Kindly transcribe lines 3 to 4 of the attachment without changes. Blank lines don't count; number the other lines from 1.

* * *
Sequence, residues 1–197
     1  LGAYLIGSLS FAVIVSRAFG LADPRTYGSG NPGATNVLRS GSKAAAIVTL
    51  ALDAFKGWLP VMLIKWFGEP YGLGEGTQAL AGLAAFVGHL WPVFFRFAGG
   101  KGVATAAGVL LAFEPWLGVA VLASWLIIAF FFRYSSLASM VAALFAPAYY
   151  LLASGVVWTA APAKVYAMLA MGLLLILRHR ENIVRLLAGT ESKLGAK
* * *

    51  ALDAFKGWLP VMLIKWFGEP YGLGEGTQAL AGLAAFVGHL WPVFFRFAGG
   101  KGVATAAGVL LAFEPWLGVA VLASWLIIAF FFRYSSLASM VAALFAPAYY